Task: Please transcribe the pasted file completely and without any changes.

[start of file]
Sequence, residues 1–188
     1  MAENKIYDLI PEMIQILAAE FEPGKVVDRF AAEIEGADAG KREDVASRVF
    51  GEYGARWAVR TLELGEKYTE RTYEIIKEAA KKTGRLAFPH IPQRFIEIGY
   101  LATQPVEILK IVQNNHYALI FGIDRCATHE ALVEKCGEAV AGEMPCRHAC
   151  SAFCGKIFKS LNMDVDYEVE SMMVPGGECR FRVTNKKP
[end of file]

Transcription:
Sequence, residues 1–188
     1  MAENKIYDLI PEMIQILAAE FEPGKVVDRF AAEIEGADAG KREDVASRVF
    51  GEYGARWAVR TLELGEKYTE RTYEIIKEAA KKTGRLAFPH IPQRFIEIGY
   101  LATQPVEILK IVQNNHYALI FGIDRCATHE ALVEKCGEAV AGEMPCRHAC
   151  SAFCGKIFKS LNMDVDYEVE SMMVPGGECR FRVTNKKP